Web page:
Bionic Robotics: Autonomous Biohybrid Machines powered by skeletal muscle tissues

Lead Research Organisation: Imperial College London
Department Name: Dept of Chemistry

Abstract

The inspiration from this project lies in the ability of living organisms to interact with and adapt to the changing environment in real time. The Bionic Robotics seeks to develop machines using biologicallyinspired functionality, to create new designs that can interact more effectively with the natural environment. Conventional robotics use rigid components powered by hard actuation techniques, such as hydraulic and electromagnetic systems. These well-developed robotic systems have wide applications in industry, however suffer from poor autonomy, low adaptability to dynamic environments, and low scalability. Bionic robotics, inspired by living organisms, aim to endow existing robots with sensing and response capabilities to allow them to autonomously interact with unstructured environments. This project will develop an autonomous soft robotic system. It is powered by biohybrid actuators, and capable of both monitoring its biomolecular environment and responding through changes in motion.
Living components will be integrated into the robot in two fundamental areas: living-cell actuation and bacteria-based biosensing. These two components will be linked using electronic control circuitry. Specifically, this project aims to:
- Create a new biohybrid actuator based on skeletal muscle cells: living cell-based actuation uses the intrinsic motion of cells from contractile tissues to generate motion. It uses molecular motors hierarchically organised to form macroscopic artificial contractile tissues. Skeletal muscle tissue is an attractive candidate for the construction of biohybrid actuators. It can be engineered from the millimetre to meter length and be readily controlled using external stimulation. The student will investigate how these living systems operate and how they can be efficiently used in bionic robotics. Skeletal muscle can be controlled either by electricity or light. Electrical stimulation will be used for initial development of a system. However, this has been shown to induce the degradation of the skeletal muscle tissues over time, hence an optical stimulation approach (via optogenetics) will also be investigated.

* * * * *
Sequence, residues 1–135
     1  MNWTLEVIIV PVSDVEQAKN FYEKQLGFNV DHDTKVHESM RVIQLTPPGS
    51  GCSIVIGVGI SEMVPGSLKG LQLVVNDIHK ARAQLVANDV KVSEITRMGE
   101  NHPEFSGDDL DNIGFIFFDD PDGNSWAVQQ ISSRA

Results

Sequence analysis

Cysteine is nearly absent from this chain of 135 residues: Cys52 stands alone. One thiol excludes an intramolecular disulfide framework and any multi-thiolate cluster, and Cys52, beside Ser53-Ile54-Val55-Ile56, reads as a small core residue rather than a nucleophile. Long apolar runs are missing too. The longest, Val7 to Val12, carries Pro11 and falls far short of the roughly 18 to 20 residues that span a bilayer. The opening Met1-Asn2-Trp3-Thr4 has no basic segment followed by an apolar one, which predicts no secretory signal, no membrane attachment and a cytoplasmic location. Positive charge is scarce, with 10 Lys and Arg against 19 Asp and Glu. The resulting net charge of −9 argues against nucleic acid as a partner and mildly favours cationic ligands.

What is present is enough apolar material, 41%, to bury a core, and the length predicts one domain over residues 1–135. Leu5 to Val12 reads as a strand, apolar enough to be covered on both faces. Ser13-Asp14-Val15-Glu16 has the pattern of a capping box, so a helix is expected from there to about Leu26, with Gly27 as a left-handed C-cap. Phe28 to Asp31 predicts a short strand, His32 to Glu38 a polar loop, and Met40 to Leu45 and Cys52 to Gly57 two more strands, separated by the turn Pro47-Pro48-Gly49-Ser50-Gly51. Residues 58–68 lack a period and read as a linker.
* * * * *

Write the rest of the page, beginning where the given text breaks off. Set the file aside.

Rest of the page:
- Build a biosensing interface: living cell-based robots are currently limited by their ability to communicate and respond to complex microenvironments. Creating new communication bridges between machine and surroundings are essential. The student will explore the use of the bacteria Escherichia coli (E.coli) for demonstration to enable communication between the external environment and robotic controlling system. We will choose Isopropyl beta-D-1thiogalactopyranoside (IPTG) as a common chemical inducer. With the presence of IPTG, genetically modified E.coli can express a green fluorescent protein (GFP), which will be detected by the following electronic system.
- Develop an electronic control system to facilitate communication between actuator and biosensor: the student will develop an electronic interface based on off-the-shelf components to exchange information between the biosensor and cell-actuator. Light-emitting diodes and photodetectors will be used to excite and detect the fluorescence change from the biosensor which will be interpreted by an embedded microprocessor and used to stimulate the livingcell actuator through light pulses

Publications

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Studentship Projects

Project Reference Relationship Related To Start End Student Name
EP/S023518/1 01/10/2019 31/03/2028
2452500 Studentship EP/S023518/1 03/10/2020 30/09/2023 Lino Prados Martin